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The Gourmet Market at the Siam Paragon Centre in Bangkok, Thailand.
Scott Christian
Siam Paragon Centre, Bangkok
It's easy to feel overwhelmed when you first step into the food hall in Bangkok's Siam Paragon Centre. The space covers more than 26,000 square feet, it's constantly bustling with people, and it's full of food most Westerners have never tried. But don't let that deter you. Rather than shrink away from the action and take refuge in McDonald's or KFC (both of which, strangely, you can find here), take a chance on the unfamiliar fare.

Start your journey by buying a card with a set amount of money on it (whatever you don't spend will be refunded at the end). Then let yourself wander, handing over your card whenever you pass something that appeals, whether it's Thai noodles, fish soup, or one of the thousands of sweets in the section devoted entirely to desserts. Unlike so many of the other major food halls, the prices here are almost laughably low, so you can afford to experiment a bit.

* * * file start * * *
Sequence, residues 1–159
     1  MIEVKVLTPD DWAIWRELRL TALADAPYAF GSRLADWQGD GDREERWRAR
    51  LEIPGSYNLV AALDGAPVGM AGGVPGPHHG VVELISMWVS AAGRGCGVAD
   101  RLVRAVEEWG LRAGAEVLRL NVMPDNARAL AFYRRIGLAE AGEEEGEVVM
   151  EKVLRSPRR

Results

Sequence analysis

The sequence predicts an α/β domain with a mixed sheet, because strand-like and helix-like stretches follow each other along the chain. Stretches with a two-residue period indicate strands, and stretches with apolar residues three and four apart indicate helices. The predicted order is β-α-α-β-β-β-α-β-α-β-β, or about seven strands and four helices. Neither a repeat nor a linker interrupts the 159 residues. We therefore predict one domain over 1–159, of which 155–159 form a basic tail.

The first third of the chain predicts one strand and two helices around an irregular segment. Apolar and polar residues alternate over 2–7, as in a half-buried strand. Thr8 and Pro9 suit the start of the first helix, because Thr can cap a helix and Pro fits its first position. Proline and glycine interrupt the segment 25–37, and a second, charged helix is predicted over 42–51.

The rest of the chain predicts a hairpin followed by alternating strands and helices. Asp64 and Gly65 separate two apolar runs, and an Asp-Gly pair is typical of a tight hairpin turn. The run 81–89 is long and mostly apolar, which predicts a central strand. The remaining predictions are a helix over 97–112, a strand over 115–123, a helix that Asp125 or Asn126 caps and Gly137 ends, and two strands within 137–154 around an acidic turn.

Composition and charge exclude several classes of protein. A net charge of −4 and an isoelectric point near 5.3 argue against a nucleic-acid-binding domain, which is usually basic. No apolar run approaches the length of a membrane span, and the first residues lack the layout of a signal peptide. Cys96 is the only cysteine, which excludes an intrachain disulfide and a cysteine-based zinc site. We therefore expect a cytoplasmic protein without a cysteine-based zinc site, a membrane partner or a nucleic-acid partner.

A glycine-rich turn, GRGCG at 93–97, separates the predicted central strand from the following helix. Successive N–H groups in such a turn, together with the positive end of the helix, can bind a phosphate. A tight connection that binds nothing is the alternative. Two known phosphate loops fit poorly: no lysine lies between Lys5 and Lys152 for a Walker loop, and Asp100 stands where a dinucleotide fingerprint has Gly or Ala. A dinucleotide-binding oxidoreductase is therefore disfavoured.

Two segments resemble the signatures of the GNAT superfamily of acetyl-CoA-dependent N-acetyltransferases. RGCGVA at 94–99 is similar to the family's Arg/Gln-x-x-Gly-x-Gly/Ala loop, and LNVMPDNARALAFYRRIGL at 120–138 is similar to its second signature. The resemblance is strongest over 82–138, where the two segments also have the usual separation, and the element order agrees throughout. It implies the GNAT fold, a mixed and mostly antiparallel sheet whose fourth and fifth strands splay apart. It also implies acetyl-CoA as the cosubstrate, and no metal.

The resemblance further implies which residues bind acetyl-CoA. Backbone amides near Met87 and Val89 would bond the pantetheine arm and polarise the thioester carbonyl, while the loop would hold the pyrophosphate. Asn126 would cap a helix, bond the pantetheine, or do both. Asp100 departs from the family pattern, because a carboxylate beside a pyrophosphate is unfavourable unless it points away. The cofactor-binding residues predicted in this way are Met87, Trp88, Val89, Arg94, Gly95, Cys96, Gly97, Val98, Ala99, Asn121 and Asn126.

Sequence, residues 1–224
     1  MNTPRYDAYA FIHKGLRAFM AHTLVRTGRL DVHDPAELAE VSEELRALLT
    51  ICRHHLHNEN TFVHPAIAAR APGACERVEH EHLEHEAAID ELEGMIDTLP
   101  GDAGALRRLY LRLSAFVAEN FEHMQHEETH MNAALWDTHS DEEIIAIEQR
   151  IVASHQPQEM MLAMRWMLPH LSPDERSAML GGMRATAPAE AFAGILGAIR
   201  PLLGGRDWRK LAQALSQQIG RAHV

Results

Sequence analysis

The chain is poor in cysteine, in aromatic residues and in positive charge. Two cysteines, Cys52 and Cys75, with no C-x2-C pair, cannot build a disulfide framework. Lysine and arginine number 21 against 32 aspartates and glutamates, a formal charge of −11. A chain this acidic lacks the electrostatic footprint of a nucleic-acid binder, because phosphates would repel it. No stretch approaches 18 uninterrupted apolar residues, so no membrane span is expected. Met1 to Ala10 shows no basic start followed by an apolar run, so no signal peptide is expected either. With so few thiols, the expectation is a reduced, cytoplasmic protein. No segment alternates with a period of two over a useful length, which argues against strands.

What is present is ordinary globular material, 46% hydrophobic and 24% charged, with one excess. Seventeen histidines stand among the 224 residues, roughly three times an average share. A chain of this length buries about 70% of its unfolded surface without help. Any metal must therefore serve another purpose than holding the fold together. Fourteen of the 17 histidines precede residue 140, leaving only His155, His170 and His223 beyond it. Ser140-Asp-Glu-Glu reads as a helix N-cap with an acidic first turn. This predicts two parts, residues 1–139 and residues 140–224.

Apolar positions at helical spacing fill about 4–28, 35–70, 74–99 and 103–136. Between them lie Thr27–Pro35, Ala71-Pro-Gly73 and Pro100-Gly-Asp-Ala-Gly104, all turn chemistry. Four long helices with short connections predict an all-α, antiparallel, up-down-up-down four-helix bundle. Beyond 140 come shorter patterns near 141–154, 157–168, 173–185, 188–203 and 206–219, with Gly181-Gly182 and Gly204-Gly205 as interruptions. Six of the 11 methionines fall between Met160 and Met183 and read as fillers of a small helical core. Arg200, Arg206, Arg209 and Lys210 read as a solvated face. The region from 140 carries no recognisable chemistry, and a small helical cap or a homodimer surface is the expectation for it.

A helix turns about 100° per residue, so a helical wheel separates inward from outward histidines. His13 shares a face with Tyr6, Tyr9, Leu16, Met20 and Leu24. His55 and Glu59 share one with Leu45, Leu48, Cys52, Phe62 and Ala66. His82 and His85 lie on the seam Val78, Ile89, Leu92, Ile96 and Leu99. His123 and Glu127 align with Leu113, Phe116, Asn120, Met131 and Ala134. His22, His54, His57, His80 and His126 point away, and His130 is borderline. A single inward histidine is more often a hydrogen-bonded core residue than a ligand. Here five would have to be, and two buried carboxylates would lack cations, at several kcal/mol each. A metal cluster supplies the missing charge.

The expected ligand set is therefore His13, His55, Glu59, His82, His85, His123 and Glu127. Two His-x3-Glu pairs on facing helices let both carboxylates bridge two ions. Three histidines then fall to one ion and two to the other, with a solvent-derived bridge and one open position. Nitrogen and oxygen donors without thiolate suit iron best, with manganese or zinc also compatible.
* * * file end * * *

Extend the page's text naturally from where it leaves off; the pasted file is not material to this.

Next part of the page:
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The main food hall at the KaDeWe department store in Berlin, Germany.
KaDeWe, Berlin
KaDeWe is short for Kaufhaus des Westens, which translates to Department Store of the West—a fitting name for what's believed to be the largest department store in continental Europe. The entire sixth and seventh floors are dedicated to food, with the main food hall on Floor 6 and the "winter garden" eating area, with windowed walls looking out over the city, on Floor 7.